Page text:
Some interesting statistics taken from the report are:
Biggest challenges when searching for a home during winter:
• 34 percent shared that there is not enough inventory on the market
• 29 percent believe that winter weather makes house hunting unpleasant
Traditionally, the industry has found that the fourth quarter of the year has a lower sales volume and is generally attributed to distractions from the holidays and not wanting to make a move during consistently inclement weather. Even in areas that are not affected by extreme winter weather, there seems to be a mindset about moving in the winter.
Indications are that it may be advantageous for sellers to put their home on the market now rather than wait until after the first of the year.
When you’re buying or selling, the obvious source to get your real estate question answered is your agent but where do you go the rest of the time? As a homeowner for many years to come, you’ll need reliable help and solid suggestions.
Our business goal is to have a select group of our friends and past customers who consider us their lifelong real estate professional. We want to earn that trusted position so they’ll enthusiastically refer their friends to us. Our plan to achieve this is simply to help these people with all of their real estate needs not just when they buy or sell but for all the years in between.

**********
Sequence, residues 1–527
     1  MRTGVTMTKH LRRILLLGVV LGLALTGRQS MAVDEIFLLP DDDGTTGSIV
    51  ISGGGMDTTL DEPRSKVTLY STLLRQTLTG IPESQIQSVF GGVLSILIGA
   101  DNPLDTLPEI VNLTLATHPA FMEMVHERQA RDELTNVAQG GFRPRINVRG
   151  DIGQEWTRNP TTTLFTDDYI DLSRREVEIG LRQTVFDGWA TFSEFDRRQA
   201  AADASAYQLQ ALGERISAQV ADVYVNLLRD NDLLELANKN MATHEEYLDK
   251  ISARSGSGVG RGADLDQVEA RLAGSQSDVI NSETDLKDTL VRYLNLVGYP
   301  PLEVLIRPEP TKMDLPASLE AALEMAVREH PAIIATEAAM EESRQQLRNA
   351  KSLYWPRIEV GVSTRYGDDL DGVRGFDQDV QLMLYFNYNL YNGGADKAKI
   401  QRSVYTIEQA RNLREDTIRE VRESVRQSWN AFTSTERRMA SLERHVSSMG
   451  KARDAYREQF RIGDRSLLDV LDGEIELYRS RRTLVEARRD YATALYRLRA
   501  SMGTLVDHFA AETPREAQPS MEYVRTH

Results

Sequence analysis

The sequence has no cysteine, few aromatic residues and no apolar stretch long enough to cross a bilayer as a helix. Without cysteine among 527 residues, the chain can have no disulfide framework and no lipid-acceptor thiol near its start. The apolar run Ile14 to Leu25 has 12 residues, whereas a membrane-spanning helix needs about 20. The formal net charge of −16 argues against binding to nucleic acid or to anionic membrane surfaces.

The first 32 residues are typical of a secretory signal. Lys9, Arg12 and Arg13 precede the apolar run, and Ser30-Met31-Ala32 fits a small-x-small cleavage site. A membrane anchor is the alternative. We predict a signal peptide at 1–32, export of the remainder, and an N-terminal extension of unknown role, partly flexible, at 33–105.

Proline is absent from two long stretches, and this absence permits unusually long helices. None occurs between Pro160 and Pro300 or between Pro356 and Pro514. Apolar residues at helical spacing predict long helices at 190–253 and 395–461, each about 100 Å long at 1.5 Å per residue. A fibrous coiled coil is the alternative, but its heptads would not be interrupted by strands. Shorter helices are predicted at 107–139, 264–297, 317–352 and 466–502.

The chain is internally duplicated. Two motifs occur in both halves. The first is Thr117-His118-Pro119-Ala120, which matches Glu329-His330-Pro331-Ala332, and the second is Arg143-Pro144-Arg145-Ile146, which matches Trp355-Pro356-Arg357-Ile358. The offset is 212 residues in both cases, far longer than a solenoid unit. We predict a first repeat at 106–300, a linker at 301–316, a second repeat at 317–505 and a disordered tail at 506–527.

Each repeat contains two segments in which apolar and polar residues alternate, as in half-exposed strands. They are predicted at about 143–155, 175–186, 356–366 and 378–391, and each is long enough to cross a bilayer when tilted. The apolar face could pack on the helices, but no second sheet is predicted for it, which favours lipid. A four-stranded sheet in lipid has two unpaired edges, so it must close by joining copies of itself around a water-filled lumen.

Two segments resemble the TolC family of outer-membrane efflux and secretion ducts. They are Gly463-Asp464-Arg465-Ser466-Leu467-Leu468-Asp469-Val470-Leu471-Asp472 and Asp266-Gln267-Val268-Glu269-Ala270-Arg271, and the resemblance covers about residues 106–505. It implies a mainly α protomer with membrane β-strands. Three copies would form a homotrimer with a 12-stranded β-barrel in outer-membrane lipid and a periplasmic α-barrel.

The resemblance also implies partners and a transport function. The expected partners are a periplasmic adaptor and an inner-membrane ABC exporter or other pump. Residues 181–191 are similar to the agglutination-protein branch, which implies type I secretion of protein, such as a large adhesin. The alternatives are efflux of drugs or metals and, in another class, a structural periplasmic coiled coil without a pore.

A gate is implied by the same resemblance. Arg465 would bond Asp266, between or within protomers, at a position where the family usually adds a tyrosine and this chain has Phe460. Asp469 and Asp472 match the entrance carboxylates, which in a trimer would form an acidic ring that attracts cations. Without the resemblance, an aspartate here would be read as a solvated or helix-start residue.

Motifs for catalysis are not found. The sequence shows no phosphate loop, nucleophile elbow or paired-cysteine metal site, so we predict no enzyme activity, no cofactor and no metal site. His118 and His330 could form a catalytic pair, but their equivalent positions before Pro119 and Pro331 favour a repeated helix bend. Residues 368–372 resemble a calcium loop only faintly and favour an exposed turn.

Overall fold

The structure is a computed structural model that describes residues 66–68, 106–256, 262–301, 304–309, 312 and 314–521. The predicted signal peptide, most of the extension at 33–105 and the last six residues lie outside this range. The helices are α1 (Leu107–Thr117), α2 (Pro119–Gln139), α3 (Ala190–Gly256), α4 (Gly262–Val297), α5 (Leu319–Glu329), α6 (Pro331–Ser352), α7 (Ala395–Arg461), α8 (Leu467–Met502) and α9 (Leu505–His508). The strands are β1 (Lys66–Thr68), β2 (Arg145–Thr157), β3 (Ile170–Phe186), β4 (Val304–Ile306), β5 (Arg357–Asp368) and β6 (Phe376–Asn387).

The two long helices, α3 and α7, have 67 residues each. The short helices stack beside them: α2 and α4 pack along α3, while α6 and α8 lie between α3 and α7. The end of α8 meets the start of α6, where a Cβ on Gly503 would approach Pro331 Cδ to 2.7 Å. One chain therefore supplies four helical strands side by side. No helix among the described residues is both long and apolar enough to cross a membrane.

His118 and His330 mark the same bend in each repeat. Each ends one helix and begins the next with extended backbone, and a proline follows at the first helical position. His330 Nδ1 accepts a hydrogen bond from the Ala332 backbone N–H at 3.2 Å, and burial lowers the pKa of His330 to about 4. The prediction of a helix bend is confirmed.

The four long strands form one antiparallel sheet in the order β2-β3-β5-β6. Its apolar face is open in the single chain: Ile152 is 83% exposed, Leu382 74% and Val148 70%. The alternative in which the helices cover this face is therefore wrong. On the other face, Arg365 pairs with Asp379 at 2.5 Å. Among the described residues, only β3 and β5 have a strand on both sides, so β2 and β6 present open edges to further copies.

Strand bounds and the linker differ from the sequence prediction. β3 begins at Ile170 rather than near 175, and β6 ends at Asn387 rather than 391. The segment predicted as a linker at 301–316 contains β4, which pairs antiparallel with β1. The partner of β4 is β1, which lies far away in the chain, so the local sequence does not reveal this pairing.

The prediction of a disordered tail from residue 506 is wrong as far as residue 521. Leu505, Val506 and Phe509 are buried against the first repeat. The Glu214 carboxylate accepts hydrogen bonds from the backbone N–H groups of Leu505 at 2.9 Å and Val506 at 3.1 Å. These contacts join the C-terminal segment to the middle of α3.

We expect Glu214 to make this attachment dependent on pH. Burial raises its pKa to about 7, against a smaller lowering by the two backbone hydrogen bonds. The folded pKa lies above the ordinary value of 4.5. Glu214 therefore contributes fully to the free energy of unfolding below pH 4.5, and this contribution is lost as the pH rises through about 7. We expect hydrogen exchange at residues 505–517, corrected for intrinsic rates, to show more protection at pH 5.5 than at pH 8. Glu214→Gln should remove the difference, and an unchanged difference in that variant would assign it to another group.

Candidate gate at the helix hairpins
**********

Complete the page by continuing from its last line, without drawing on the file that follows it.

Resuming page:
Throughout the year, we offer reminders and suggestions by email and social media that benefit your homeowner experience. When we find good articles to help you be a better homeowner, we’ll pass them along. You’ll discover new ways to maintain your property, minimize expenses and manage debt and risk.
We want to be your “Go-To” person for everything to do with real estate. If we don’t have the answer you need, we’ll point you in the right direction to find it.
We’re here for you and your friends…now and in the future. Please let us know how we can help you. Email Charles
Lenders, like any business, have to make a profit. The cost of acquiring the funds, the operating costs to service and the expected profit margin are easily identified. The variable in pricing is the type of mortgage and the credit worthiness of the borrower.
A loan with a 3.5% down payment is riskier than a loan with 20% down payment. If the lender has to take the property back to recover their expense, the margin is greater between what is owed and what the property is worth on an 80% mortgage.
Credit scoring is a risk-based pricing method that allows a lender to be competitive in the market for the best loans from different borrower groups. Individual lenders set their own levels for what they consider “A” credit which is reserved for the best rates. If good credit is approximately 710 to 740, scores below that are considered higher risk and will have higher rates.
Risk must be assessed for both the borrower and the property that collateralizes the loan. The borrower’s credit history and income stability are strongly evaluated by the lender but if a default should occur, the property must secure the loan to avoid a loss to the lender.
The challenge for some buyers is they are unaware of what their credit score is and how it will affect the interest rate offered by the lender. It is to the buyer’s advantage to be pre-approved by a reputable lender prior to starting the process of looking for a home. In some cases, the lender can actually improve the borrower’s credit score to help them qualify for a lower interest rate.
Contact me for a recommendation of a trusted mortgage professional – Email Charles